Almost exactly one year ago, WWE picked up more mainstream press attention than it had received in years when it announced the signing of Ronda Rousey. It was the perfect marquee name at the perfect time for the company, which for the past couple of years now has been trying hard to change the perception of the way that it uses its female performers. Gone are the ‘bra and panties’ matches of twenty years ago. Gone are the underwear models, given basic training and then sent into the ring to have slap-fights with each other. WWE’s current crop of female stars are the best and most athletic performers of their gender that the company has ever had; easily as talented as any of the men, and in many cases exceeding their standard.
Rousey fit into all this perfectly. She was the one who broke the glass ceiling for women in combat sports. She was, in the days before Conor McGregor, the biggest draw that UFC had. Having held their first ever all-women Royal Rumble match, their first women’s Elimination Chamber match and their first women’s TLC match, WWE were trying to find a way to have women headline WrestleMania for the first time ever. Rousey was a star big enough to do that; a bigger draw than any of their established female talent. Better still, she was a WWE fan, and she was happy to do it. It was a match made in heaven, and at first, the fans loved it.
Then, Becky Lynch happened.
Becky The Slow Burner
One of Becky Lynch’s catchphrases is ‘straight fire’; a description that’s at least partially inspired by her flame-red hair. She may be on fire now – arguably the most popular wrestler of any gender anywhere in the world – but it’s been a slow burn to get here. Given how she started off, it’s a miracle she’s still with the company at all.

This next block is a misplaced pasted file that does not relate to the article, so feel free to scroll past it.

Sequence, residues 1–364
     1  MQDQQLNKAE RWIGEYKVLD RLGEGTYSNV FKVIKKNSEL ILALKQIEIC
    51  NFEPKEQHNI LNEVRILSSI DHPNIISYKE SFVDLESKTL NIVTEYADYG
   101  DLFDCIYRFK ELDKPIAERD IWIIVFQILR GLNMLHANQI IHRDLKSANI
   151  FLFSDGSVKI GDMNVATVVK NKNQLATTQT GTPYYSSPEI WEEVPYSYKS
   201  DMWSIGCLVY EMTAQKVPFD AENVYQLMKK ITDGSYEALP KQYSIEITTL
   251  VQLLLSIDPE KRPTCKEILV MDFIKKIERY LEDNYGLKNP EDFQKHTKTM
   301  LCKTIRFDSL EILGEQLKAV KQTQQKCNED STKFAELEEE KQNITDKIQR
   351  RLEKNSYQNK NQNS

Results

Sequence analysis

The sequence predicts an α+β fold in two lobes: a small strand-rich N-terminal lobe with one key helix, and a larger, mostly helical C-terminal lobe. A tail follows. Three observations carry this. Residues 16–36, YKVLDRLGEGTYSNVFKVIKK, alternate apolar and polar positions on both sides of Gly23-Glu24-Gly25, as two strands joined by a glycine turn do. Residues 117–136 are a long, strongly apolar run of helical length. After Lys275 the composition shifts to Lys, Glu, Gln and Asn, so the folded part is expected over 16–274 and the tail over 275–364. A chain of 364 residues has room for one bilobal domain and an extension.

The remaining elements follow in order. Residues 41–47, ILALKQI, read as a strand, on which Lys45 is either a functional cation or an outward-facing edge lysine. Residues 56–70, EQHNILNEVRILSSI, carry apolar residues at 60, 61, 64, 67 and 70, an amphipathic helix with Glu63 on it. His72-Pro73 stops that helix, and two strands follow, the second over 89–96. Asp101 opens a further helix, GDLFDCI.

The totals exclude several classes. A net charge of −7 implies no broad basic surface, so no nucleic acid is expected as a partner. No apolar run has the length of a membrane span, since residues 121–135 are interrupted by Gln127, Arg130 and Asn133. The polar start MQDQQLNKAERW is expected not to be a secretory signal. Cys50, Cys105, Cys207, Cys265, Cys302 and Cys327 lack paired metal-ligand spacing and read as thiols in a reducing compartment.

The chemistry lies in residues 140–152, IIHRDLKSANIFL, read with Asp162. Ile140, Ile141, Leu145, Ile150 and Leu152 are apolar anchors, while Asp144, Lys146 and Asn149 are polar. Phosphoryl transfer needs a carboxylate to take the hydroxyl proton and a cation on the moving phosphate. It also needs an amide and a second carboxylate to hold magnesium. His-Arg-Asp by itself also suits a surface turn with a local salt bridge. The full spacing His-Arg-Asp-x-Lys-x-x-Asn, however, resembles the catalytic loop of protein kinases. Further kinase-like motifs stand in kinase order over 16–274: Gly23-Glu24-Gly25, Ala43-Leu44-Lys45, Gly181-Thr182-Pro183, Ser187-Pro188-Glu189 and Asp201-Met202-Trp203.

When Becky Lynch first appeared in WWE’s development territory NXT in 2014, she was a far cry from her current persona as ‘The Man’, a wise-cracking, no-nonsense tough girl. Being Irish, Becky was subjected to all the wit, wisdom and thought that WWE often put into new characters, and was sent down to the ring dressed all in green and doing Riverdance.
The appeal of a stereotypical Irish character is well known, and universal. Irish stereotypes have been used very well to promote many brands and ideas. Plenty of Irish ales use the tropes of the old country to promote themselves. Lucky Charms have been the staple cereal of many an American childhood. Anyone familiar with online slot games is probably familiar with the legendary ‘Rainbow Riches’ series, where pots of gold, rainbows and leprechauns appear on the reels and help players to win money. In the context of the slot games, the connotations of the Luck of the Irish are obvious, and go hand in hand with players feeling lucky when they play the slot. All of these uses are in the spirit of fun, and intended to be light-hearted. That’s not the aura you want if you’re in a simulated combat sport and need people to believe you’re a physical threat to whoever is across the ring from you.
Even when she was able to shake off the shackles of that awful gimmick, Becky always seemed to be a secondary concern to her contemporaries Charlotte Flair, Sasha Banks and Bayley. She was the last of the four to win a version of the world title, and when she lost it, she also disappeared off the PPV calendar. A year ago, Becky was struggling to get a match on television, let alone compete for championships. She had to fight and claw just to stay in the mix, finally getting a shot at the title again at Summerslam 2018. The storyline plan was for Becky to lose the match and turn ‘heel’; becoming a bad guy by attacking her victorious best friend, Charlotte. The fans had other ideas.